What are “filets en cuivre”?

I saw this item on eBay and was wondering what it was. I found a book in Google Books entitled “Caractères de labeur et de fantaisie initiales: initiales, filets en cuivre, coins, ronds, ovales,” but it’s not available online. It looks like some kind of curved rule, but if so how would one lock it up?



image: Filets en cuivre.JPG

Filets en cuivre.JPG

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I think one had to be plastered in order to deal with these in a form.

No kidding. One of the methods used was to pour plaster into all the negative areas left in the form once these had been put in place. The plaster could have easily been broken off and removed once the job was printed and the form broken down.


i’ve seen foolproofs plastering before, i used canning wax and when you are done simply drop it in boiling water and the wax will float to the top.

Isn’t the term used sometimes “investing”, similar to the casting terminology (when you put a wax into the plaster ‘investment’ mixture, before dumout)? I thought that it was called that someplace, but I could be totally wrong here.

Hello Barbara, ‘filets en cuivre’ are brass lines, this is a set of curved ones, that was used at the end of the 19th-century. I’ll have a look at the Fonderie Générale catalogue after Christmas. Do remind me if I don’t get back immediately. If I’m not completely mistaken the Fonderie Générale ended up being incorporated in Deberny & Peignot.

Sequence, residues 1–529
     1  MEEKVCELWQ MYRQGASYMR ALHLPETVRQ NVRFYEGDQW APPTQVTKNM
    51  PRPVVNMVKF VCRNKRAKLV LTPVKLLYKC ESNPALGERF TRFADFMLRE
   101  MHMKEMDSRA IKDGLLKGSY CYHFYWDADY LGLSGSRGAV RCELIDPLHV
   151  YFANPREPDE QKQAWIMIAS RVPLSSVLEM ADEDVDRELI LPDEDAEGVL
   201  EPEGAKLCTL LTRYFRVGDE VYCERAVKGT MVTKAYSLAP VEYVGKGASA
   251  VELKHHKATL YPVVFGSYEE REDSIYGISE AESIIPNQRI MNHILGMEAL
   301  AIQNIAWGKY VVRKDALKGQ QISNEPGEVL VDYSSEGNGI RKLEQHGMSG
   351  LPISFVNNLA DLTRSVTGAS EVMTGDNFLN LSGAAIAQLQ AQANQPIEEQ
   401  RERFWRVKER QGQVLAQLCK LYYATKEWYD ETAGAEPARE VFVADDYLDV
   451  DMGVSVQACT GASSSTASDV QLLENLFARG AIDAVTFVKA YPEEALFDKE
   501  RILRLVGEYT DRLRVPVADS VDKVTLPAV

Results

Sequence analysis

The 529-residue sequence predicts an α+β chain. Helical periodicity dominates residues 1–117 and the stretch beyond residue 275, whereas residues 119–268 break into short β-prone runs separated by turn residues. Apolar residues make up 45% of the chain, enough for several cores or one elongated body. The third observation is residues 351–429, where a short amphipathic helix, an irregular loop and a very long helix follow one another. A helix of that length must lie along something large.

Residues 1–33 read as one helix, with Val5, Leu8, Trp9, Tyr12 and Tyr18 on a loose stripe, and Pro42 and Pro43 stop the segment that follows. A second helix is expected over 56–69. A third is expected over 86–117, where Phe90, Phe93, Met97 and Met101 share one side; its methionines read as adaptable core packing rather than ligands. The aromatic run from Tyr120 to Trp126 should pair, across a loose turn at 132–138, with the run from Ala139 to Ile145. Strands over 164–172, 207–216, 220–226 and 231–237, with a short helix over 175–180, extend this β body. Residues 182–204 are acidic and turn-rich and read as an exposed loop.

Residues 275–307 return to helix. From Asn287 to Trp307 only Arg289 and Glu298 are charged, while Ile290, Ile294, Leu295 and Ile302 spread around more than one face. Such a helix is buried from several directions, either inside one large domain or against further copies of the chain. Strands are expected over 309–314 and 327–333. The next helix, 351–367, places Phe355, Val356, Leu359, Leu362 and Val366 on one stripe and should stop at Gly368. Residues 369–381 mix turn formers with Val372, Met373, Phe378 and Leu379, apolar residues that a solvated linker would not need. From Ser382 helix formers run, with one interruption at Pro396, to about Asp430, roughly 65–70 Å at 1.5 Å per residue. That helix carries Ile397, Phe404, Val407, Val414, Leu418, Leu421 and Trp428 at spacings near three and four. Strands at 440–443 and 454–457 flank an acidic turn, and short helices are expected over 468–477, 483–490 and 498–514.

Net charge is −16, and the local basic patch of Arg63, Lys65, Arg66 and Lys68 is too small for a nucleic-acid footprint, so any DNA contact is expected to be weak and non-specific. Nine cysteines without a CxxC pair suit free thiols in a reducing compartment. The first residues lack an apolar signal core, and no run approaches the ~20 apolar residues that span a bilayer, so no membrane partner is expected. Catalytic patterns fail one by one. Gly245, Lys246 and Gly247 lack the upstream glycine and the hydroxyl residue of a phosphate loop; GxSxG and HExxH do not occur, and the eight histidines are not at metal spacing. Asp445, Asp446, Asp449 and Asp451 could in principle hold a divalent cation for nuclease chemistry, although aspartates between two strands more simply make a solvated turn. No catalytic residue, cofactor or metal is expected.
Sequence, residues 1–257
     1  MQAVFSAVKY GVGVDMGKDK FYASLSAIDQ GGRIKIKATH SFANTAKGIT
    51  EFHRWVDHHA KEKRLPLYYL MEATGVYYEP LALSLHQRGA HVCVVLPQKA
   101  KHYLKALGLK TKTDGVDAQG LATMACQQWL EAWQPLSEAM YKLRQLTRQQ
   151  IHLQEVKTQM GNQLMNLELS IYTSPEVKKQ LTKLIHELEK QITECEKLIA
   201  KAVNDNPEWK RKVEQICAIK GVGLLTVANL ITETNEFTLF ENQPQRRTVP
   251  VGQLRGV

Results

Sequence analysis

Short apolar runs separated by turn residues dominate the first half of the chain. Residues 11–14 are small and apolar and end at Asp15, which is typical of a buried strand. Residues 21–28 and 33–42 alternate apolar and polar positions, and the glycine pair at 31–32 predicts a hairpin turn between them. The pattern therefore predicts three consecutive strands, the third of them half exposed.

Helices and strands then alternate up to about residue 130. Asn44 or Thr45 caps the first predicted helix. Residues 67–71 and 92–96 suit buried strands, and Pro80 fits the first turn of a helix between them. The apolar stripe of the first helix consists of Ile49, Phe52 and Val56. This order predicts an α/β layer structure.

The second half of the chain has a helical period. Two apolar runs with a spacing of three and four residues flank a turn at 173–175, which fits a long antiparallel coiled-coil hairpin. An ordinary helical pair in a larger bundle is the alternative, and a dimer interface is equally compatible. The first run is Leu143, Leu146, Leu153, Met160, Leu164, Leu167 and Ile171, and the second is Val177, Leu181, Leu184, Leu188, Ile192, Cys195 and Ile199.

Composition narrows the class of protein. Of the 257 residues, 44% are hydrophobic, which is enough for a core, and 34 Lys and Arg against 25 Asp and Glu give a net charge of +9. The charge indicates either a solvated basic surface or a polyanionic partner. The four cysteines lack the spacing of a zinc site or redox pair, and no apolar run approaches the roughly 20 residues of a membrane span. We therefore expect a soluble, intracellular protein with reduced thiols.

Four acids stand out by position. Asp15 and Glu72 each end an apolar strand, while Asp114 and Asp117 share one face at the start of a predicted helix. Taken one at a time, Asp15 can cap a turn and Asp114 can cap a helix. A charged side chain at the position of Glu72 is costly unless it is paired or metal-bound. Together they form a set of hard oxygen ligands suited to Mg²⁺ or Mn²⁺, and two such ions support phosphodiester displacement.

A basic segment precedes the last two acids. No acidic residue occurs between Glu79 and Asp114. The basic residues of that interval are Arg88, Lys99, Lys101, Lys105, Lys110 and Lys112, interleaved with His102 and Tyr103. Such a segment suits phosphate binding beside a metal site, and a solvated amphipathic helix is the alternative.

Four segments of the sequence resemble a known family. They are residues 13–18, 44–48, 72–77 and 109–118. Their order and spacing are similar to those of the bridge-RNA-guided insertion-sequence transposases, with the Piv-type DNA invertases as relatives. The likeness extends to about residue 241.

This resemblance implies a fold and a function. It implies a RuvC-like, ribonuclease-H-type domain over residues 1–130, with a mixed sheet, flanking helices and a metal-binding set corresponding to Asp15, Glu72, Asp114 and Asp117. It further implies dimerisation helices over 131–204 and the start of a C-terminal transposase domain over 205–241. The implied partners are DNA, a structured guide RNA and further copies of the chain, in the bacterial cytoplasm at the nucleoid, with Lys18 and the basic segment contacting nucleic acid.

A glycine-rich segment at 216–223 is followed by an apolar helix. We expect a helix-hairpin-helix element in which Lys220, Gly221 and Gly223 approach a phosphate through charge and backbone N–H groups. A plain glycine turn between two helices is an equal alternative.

Caractères de labeur are ‘jobbing founts’. An ‘imprimerie de labeur’ would print all kind of small stuff, business cards, letterheads etc.

Thanks, everyone, especially Thomas for having the catalog. I also got an off-list reply suggesting that the box might have been repurposed — that the items are not filets en cuire, that filets en cuire are actually a kind of tool.


I checked out the catalogue for filets en cuivre. They sold them in sets, and the box is probably original, judging by the label inside. However, there are no illustrations in the catalogue. My copy of the catalogue dates from around 1880. Check out ‘The Handy Book of Artistic Printing’, published by Princeton Architectural press.

image: fonderie_generale_2.jpg


image: fonderie_generale_1.jpg


Hi Barbara,

The statement that Filets en cuivre are some kind of tool seems way off-base to me. My French is very very rusty but I believe that “Fabrique de Filets en cuivre” could be translated into “Manufacturers of copper wires.”


Thanks, Thomas and Rick. Thomas, you must have a very nice collection of catalogs. Thanks for showing me those relevant pages. And thanks for referring me to the Artistic Printing book. I have had it on my Amazon wish list for a while and finally plunked down my $26.40.


Rick, for your information:

fil = wire; fil de fer = metal wire; filet = line

à la prochaine fois…

And because it’s nearly the end of the year, two photos from the 1926 Deberny & Peignot catalogue (2 volumes) with some nice ‘filets en cuivre pour mandats’.
Best wishes to everyone!

image: filets_2.jpg


image: filets_1.jpg